America is in its worst Constitutional crisis since the sordid Watergate affair.
This one is worse than Watergate. The crisis spawned by wannabe king Donald John Trump is an assault on our government, our democratic republic and our way of life.
Trump is openly flaunting the law and the Constitution to protect his corruption, his flagrant ethical lapses and his “high crimes” against this nation.
Trump moved this week to exert his “executive privilege” on any and all documents relating to the special counsel investigation by former FBI director Robert Mueller, concluded last month after a long probe and one that, while not saying one way or the other that Trump violated the law, lists at least 10 occasions where collusion and obstruction of justice occurred.
Trump claims the report “totally exonerated” him. Those who ignore politics and look at the legalities disagree.
Speaker of the House Nancy Pelosi says Trump’s actions are encouraging the House to impeach him. That’s probably true because Trump believes impeachment will rally his base and the GOP-controlled Senate will never convict him.
As usual, politics trumps the law (pun intended). The most corrupt president in modern history, and most likely of all time, truly believes he can, as he always has, keep breaking the law and get away with anything he wants.
The Democrats who control the House are also playing politics. They worry that impeachment could backfire and threaten their majority in the House and stall their hopes to once again control the Senate.
Washington attorney Jack Quinn, who served as counsel to former president Bill Clinton during his impeachment fight, says Trump is forcing an option that could lose.
“They are doing it so broadly and with so little judgment that I think they are debasing their overall approach to this,” Quinn told The Washington Post. “The overreliance on executive privilege, in the end, will be problematic for the White House.”
So, Quinn adds, is impeachment.
“There is absolutely no constitutional way they can block the impeachment powers granted to the House,” he says.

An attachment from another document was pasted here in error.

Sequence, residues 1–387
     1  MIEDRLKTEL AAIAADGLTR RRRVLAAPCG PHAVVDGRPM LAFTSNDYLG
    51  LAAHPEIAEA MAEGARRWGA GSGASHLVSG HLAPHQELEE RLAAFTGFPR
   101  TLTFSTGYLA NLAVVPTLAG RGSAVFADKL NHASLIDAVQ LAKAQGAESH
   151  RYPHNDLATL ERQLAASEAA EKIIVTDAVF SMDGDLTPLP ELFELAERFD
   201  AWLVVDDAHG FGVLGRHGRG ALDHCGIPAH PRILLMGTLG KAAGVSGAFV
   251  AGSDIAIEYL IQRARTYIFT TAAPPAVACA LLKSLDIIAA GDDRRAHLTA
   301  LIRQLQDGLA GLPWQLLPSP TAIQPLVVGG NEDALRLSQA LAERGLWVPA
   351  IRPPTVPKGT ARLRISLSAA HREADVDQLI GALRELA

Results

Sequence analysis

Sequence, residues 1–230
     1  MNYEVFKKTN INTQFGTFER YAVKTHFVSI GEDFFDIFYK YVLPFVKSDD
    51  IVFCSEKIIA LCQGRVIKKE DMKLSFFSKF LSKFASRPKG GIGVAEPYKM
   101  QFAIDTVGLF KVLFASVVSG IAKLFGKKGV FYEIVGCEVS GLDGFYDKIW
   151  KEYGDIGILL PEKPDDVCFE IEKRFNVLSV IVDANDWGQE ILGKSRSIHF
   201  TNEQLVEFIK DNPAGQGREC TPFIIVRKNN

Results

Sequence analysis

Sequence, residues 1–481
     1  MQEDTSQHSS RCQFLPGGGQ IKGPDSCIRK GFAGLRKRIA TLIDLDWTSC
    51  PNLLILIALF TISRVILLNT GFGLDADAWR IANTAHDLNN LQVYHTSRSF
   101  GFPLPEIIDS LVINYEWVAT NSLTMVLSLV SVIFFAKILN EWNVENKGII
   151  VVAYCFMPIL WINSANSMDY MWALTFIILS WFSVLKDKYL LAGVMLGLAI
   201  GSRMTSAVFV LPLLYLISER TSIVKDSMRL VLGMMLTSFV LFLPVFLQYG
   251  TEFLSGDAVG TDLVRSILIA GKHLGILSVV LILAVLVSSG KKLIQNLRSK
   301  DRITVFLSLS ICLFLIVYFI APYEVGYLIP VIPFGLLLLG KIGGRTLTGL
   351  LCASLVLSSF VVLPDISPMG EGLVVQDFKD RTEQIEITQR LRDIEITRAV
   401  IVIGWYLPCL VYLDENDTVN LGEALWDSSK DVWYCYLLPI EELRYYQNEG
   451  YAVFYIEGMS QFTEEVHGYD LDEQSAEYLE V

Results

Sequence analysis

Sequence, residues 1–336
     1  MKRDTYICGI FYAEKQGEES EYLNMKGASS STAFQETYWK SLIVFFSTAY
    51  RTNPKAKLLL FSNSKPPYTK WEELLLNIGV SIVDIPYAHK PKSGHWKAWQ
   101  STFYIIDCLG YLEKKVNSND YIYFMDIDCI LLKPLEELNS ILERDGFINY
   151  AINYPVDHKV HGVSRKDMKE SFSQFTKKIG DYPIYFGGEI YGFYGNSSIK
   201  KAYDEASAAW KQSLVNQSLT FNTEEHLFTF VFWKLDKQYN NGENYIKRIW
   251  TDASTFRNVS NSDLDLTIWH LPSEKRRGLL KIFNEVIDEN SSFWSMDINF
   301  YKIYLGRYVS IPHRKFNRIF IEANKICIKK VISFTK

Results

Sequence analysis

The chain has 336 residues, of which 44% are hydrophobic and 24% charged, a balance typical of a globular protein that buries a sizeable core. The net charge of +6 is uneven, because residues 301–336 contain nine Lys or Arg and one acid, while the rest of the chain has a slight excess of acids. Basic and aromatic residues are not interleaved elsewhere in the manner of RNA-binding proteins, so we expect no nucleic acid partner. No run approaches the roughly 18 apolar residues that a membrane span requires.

House Majority Leader Stenny Hoyer is not reluctant to discuss impeaching Trump.
“If the facts lead us to that objective, so be it,” he told reporters Wednesday.
Article 3 of the “Watergate Articles of Impeachment” accused then-president Richard Nixon of “violating his constitutional duty to faithfully execute the laws by refusing to comply with congressional subpoenas.”
“People are mindful of that,” admits Rep. David Cicilline of Rhode Island, a Democratic leader in the House.
“This is a really dangerous and unprecedented set of actions that the president is taking,” says Washington State Rep. Pramila Jayapal, who is also chairwoman of the Congressional Progressive Caucus.
Some Democrats worry that Pelosi is too cautious.
“We get the narrative from our leadership that we all got elected on health care and the economy and all of that,” says Rep. Gerald E. Connolly of Virginia, “but we also got elected to impose checks and balances on a president who is unchecked and unbalanced.”
Rep. Jamie Raskin, D-MD, serves on the House Judiciary Committee and says Democrats may finally have the gumption to fight Trump’s obstructionism.
“My grandfather used to say that duck hunting is a lot of fun until the ducks start firing back,” he said in an interview with The New York Times. “We’re starting to fire back.”
Aim well. The survival of this nation depends on your marksmanship.
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